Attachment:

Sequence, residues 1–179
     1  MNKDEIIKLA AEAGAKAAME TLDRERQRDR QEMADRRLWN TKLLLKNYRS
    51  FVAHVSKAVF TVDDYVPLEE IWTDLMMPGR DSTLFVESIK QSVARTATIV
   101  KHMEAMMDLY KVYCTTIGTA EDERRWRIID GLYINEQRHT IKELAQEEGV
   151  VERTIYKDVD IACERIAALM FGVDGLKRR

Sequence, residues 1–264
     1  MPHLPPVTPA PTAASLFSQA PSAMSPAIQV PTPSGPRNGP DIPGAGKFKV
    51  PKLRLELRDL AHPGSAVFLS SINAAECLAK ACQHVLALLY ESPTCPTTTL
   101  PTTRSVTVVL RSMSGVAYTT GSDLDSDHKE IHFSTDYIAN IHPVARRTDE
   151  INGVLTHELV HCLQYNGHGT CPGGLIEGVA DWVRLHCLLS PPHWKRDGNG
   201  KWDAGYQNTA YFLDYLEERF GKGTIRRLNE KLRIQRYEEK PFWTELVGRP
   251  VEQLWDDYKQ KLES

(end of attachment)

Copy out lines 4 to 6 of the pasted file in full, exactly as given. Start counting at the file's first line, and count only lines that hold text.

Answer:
   101  KHMEAMMDLY KVYCTTIGTA EDERRWRIID GLYINEQRHT IKELAQEEGV
   151  VERTIYKDVD IACERIAALM FGVDGLKRR

Sequence, residues 1–264